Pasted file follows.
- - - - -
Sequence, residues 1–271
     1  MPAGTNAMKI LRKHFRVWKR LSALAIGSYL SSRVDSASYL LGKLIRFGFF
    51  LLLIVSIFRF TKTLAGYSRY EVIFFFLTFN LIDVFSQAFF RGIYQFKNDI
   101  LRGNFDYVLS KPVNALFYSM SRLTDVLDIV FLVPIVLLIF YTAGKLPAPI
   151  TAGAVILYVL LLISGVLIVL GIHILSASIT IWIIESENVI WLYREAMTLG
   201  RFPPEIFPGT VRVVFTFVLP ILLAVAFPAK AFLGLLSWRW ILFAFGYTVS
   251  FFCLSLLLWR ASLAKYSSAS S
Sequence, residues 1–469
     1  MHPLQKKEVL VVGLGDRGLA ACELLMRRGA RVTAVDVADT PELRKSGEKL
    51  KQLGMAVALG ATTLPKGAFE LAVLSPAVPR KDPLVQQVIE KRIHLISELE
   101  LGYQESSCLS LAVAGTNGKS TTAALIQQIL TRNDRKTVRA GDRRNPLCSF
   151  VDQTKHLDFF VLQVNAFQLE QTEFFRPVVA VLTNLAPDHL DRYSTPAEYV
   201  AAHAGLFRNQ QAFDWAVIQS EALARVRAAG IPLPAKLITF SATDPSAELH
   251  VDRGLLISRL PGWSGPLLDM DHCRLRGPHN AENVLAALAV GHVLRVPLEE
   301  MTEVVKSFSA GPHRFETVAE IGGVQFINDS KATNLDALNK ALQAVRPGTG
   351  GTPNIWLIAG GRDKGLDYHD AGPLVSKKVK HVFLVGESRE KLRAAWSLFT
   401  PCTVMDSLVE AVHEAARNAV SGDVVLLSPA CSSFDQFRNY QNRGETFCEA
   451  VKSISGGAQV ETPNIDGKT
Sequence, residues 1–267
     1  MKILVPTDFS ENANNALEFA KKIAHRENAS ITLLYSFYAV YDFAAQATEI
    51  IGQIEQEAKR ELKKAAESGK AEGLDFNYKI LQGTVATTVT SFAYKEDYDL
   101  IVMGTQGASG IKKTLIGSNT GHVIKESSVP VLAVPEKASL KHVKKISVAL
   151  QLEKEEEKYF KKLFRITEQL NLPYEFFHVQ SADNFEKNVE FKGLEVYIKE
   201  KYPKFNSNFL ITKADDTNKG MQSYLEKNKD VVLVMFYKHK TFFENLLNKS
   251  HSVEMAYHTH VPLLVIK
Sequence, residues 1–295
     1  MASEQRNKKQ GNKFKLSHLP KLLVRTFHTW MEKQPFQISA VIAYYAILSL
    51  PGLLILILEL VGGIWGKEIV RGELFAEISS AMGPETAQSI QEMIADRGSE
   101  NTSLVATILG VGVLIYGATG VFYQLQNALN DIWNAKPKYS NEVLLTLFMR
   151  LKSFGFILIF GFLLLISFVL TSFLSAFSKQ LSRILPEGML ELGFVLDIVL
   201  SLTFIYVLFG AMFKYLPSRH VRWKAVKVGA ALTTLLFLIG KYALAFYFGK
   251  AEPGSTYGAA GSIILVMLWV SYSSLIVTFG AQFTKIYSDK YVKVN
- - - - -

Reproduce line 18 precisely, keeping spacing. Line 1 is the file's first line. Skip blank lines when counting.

   451  VKSISGGAQV ETPNIDGKT